Political and Military Organization.

The titles of civil and military officials are borrowed from Greek (strategos, chiliarch, and hipparch) and Latin (centurion) and reflect the development of the military system along the lines of a standard professional army of the Hellenistic type. The strategoi were regional district governors and military commanders. Such officials are attested at Sidon in Phoenicia, Dmer and Canatha in southern Syria, Madaba and Umm er-Rasas in Moabite Transjordan, and Hegra (Meda'in Saleh); the Nabatean communities in Edomite Transjordan, the Negev, and perhaps the Sinai, must have been organized in similar fashion, but the evidence is lacking. [See Sidon; Madaba; Umm er-Rasas.] There are suggestions that the position was hereditary. For example, the sons of Damasippos at Hegra, Rabîb'el and Ganimu, and his grandson Maliku, were all strategoi at Hegra; another grandson, Damasi, led a revolt later against the ruling dynasty in Petra in the early years of Rabel II's reign. The chiliarchs must have been in charge of infantry units of approximately a thousand men. The hipparchs were commanders of cavalry units of approximately five hundred horsemen. Almost all of the officials with this title are concentrated near Bosra in the far north and Hegra in the far south of the kingdom, but an individual designated the chief of the cavalry (rb pršy') is known from Petra. The title may represent the Semitic equivalent of the hipparch or an official of inferior rank in the cavalry unit. Two individuals are designated by the Latin title of centurion, one at Hegra and the other at Leuke Kome, evidently in charge of protecting officials charged with collecting tariffs on trade. In addition, several individuals are designated the chief of the camp (rb mšryt') at Petra, Dumah al-Jandal, Luhita, and Abarta', officials perhaps comparable to the stratopedarch or praefectus castrorum of the Roman army. [See Meda'in Saleh.]

In conflicts with Hellenistic armies and the Hasmonean and Herodian dynastic forces, the Nabatean royal army performed fairly efficiently, despite the castigating remarks of Strabo and Josephus about their effectiveness. After the Roman annexation of the kingdom In 106, most of the Nabatean army was transformed into regular Roman military units, comprising at least six regiments of cohortes Ulpiae Petraeorum and perhaps several alae regiments of cavalrymen and dromedarii, sometime between 114–116, in connection with Trajan's Parthian campaign. Afterward, these units served in Cappadocia, Syria, and Palestine, and probably their homeland of Arabia as well. [See Cappadocia.]

Language and Script.

Of the more than four thousand published Nabatean Aramaic inscriptions, the oldest are from the Late Hellenistic era, from Petra (96/5, 70/69), Bostra (51–47) in the Hauran, and Tell el-Shuqafiya (77) in Wadi Tumilat between the modern Suez Canal and Nile River in Egypt, where a recent text is dated to 35/4 BCE, to the reigns of both the Ptolemaic ruler Cleopatra VII Philopater and Malichus I. [See Aramaic Language and Literature; Nabatean Inscriptions.] The largest concentration of dated texts is from the tombs at Hegra, which provide important insights as well for the architectural analysis of the tombs at Petra, which have only a single dedicatory inscription. Ironically, the largest concentration of inscriptions is in the forlorn and desolate area of Wadi Mukatteb in the Sinai, where thousands have been recorded. No Nabatean text exists at Petra after its annexation by Rome In 106, although a number of texts dated to the Roman provincial era of Arabia are known from the periphery of the old Nabatean kingdom. The latest dates to 356, from the Hijaz. Although the language of these texts is Aramaic, there are a number of Arabic loanwords utilized for political and religious institutions; the vast majority of personal names in the Nabatean onomasticon are also Arabic, spelled according to the peculiar orthographic practices of Imperial Aramaic of the earlier Persian era. The paleography of the script, with its peculiar ligatures and style, eventually develops into that of the Classical Arabic script. [See Arabic.] It is also apparent that some Nabateans used the North Arabian scripts and dialects known as Safaitic and Thamudic (see above). Recent bilingual texts in these pre-Islamic Arabic dialects and Aramaic indicate the Nabatean community was complex, diverse, and basically polylingual, providing a substantial basis for understanding Aramaic as only the formally adopted language of a largely Arabic population.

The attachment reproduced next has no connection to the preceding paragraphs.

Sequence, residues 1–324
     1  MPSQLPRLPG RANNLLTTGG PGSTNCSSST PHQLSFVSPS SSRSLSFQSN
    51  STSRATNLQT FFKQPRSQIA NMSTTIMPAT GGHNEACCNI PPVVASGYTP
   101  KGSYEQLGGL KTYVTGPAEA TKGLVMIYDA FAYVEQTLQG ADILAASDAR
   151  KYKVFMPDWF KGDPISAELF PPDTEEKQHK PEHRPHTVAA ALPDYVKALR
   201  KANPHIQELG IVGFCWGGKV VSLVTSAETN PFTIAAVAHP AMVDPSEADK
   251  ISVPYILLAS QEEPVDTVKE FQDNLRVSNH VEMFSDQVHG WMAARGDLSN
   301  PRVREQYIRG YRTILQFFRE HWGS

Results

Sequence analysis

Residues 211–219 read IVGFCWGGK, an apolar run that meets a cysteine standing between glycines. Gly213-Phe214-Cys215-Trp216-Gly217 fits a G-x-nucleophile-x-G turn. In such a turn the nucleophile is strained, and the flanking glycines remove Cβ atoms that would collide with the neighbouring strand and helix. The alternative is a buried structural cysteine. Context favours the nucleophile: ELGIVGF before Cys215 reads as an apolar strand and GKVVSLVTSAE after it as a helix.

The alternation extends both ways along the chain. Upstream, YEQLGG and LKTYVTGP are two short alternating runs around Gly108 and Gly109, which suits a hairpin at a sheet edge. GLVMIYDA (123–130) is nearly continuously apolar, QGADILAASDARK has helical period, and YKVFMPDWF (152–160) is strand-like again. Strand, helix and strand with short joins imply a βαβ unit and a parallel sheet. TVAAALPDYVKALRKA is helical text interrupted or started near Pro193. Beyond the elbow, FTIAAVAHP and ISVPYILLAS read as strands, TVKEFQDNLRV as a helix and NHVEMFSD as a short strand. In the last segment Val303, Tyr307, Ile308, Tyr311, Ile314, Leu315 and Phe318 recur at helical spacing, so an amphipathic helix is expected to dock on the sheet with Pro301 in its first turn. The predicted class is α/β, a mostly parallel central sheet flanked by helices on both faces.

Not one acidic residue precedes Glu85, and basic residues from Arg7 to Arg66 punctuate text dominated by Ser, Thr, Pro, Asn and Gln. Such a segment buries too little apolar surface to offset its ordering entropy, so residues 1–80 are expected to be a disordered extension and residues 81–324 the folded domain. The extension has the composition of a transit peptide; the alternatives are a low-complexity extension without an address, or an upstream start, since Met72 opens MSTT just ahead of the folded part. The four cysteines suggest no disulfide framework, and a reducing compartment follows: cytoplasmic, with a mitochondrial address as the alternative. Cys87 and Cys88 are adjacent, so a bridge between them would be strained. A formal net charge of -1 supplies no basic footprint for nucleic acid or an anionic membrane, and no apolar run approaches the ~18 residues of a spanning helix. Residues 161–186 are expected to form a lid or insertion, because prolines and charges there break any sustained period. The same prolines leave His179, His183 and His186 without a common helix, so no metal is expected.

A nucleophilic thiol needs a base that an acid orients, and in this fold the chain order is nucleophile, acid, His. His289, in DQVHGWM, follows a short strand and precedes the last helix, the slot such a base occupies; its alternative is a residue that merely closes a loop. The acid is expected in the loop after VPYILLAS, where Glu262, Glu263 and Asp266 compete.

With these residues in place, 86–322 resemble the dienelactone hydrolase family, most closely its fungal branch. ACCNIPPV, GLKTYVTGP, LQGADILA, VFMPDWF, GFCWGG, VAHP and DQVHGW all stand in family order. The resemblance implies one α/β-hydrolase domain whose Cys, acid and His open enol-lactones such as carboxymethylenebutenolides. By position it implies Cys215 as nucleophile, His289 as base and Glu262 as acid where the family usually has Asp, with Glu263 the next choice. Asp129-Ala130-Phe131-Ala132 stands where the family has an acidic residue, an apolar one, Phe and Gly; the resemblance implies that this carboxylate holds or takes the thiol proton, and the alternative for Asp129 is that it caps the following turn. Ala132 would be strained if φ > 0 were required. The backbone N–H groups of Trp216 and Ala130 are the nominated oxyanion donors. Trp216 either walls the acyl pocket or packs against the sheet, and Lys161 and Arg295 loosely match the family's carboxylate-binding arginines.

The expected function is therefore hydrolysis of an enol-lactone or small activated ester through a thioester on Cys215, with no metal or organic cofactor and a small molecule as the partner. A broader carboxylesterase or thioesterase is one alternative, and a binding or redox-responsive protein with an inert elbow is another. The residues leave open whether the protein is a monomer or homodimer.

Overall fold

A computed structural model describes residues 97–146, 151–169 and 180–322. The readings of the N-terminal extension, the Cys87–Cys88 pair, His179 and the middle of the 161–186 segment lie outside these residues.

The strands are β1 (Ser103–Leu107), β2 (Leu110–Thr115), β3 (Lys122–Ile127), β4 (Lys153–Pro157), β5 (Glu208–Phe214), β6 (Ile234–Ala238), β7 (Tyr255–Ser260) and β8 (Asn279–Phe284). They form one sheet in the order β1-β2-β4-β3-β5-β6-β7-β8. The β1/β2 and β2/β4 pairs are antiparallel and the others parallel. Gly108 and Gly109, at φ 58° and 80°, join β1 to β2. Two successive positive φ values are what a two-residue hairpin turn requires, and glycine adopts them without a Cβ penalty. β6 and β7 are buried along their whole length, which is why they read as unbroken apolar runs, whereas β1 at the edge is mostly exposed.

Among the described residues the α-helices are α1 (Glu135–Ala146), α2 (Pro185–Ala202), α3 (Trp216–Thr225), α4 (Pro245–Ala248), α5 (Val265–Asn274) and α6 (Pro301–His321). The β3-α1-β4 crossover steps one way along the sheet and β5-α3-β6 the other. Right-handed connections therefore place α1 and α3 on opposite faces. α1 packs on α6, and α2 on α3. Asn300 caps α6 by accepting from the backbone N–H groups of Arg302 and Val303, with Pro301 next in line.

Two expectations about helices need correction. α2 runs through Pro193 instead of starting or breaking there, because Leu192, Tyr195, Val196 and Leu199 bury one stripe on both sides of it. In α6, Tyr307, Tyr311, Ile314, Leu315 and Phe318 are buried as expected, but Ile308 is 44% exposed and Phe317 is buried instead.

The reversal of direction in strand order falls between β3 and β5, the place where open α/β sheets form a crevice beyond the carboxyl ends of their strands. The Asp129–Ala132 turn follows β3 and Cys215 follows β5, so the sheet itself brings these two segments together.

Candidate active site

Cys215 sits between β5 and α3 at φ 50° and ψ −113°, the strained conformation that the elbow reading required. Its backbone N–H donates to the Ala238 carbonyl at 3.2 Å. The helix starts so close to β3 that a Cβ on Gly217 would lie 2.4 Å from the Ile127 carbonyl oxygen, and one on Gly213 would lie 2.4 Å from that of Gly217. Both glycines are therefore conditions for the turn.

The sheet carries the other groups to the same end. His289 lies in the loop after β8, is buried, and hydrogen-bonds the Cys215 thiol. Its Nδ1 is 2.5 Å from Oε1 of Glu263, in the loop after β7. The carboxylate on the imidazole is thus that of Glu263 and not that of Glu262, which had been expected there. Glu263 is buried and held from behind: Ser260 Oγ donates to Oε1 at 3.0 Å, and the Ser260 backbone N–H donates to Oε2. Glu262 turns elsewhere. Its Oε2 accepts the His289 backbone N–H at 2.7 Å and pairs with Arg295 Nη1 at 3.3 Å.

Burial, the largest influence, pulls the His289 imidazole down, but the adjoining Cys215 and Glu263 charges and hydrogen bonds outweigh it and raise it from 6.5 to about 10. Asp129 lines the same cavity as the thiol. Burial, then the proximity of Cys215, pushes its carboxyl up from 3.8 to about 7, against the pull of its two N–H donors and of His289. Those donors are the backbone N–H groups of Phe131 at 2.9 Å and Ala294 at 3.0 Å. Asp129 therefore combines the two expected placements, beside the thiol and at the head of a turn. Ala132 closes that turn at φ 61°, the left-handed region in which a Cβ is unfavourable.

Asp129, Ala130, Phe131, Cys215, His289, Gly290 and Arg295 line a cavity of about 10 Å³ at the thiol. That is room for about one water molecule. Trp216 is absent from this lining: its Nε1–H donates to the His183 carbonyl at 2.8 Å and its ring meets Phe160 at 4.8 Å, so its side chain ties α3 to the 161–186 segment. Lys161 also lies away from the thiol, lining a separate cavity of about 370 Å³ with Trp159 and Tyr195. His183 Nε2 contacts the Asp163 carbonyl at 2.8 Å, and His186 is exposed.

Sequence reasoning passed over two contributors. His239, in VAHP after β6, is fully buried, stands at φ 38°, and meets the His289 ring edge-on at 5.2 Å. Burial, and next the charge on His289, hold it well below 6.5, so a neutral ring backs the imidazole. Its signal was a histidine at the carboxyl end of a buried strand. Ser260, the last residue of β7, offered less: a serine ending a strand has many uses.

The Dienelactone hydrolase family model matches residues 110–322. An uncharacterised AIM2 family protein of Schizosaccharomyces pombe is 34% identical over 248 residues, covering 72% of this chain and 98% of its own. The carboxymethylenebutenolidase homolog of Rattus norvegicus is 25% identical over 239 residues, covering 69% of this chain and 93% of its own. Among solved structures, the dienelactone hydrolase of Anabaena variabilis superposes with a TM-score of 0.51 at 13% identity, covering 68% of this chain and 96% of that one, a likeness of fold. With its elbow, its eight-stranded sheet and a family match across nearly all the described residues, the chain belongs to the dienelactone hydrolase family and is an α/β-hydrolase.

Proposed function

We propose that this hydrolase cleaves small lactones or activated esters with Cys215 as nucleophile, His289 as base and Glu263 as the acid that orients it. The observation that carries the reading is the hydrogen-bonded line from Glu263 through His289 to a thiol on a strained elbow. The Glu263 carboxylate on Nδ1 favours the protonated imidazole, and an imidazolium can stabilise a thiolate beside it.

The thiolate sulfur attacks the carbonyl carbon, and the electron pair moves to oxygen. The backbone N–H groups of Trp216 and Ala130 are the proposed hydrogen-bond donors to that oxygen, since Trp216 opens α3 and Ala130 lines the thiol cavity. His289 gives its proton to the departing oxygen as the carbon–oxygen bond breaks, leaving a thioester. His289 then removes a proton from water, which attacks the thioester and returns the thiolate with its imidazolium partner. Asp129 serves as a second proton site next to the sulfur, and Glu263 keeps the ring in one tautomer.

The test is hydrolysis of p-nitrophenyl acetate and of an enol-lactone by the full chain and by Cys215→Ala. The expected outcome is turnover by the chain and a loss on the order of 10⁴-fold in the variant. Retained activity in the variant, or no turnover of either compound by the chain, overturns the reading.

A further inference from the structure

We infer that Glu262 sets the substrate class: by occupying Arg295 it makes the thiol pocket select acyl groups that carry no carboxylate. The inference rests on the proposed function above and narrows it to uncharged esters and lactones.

Economy and Society.

Of primary importance for the Nabatean economy was the commerce in aromatics from South Arabia and spices from the Far East. Their activities and fame as traders and merchants extended across the Mediterranean and as far east as Han dynasty China, which knew Petra as Rekem (Chinese, Li-kan). In the fourth century BCE, the Nabateans were already profiting greatly from this exotic commerce, and their activities as merchants in these goods was still recognized by Roman writers in the second century CE. Finds of their typical painted eggshell fineware have been found along the eastern coasts near Bahrain, the ports of Oman and Yemen, and at sites such as Qaryat al-Fau in Saudi Arabia, along the incense route leading north to Petra. [See Bahrain; Oman; Yemen; Qaryat al-Fau.] Their Aramaic inscriptions have been found scattered across the Mediterranean at such places as Tenos, Rhodes, Cos, Delos, and Miletus in the Aegean, and Puteoli and Rome in Italy. [See Miletus.] The development of agriculture in the Nabatean realm has been viewed as a late development resulting from a decline in commerce when Rome absorbed much of the Red Sea traffic. It is also a product of the social evolutionary anthropological model that characterizes the transition from nomadic pastoralism to sedentary life as a gradual and late development. [See Pastoral Nomadism.] In contrast to this cultural scheme, the earliest descriptions of the Nabateans indicate that they possessed advanced technical ability and ingenuity. Their engineering skill is revealed in their developing hydrological systems to support settlements on the desert fringe. [See Hydrology.] Such achievements at Ḥumeima in the Ḥisma desert of southern Jordan are particularly impressive and date to the first century BCE, rivaling the later developments in the Negev. In similar fashion, horse breeding must have been a necessity for maintaining the cavalry of the Nabatean army as early as Aretas III—both Petra and Amman seem to have been prime regions for these activities in the Hellenistic era. Furthermore, the art and architecture of the Nabatean realm also reveals creative adaptations of classical styles.